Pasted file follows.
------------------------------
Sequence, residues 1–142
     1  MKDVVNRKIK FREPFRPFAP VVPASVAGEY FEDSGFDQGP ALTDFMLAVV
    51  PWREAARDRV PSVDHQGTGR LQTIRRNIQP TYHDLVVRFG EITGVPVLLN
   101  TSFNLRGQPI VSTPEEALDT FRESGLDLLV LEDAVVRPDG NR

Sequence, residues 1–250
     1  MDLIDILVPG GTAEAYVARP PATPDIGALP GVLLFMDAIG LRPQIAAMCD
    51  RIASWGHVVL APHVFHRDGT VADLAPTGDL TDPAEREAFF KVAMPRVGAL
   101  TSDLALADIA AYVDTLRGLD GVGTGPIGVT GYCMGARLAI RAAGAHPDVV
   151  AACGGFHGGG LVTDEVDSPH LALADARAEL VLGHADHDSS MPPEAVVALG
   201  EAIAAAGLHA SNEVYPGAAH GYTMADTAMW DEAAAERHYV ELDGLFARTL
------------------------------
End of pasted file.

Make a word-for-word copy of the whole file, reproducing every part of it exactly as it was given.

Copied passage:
Sequence, residues 1–142
     1  MKDVVNRKIK FREPFRPFAP VVPASVAGEY FEDSGFDQGP ALTDFMLAVV
    51  PWREAARDRV PSVDHQGTGR LQTIRRNIQP TYHDLVVRFG EITGVPVLLN
   101  TSFNLRGQPI VSTPEEALDT FRESGLDLLV LEDAVVRPDG NR

Sequence, residues 1–250
     1  MDLIDILVPG GTAEAYVARP PATPDIGALP GVLLFMDAIG LRPQIAAMCD
    51  RIASWGHVVL APHVFHRDGT VADLAPTGDL TDPAEREAFF KVAMPRVGAL
   101  TSDLALADIA AYVDTLRGLD GVGTGPIGVT GYCMGARLAI RAAGAHPDVV
   151  AACGGFHGGG LVTDEVDSPH LALADARAEL VLGHADHDSS MPPEAVVALG
   201  EAIAAAGLHA SNEVYPGAAH GYTMADTAMW DEAAAERHYV ELDGLFARTL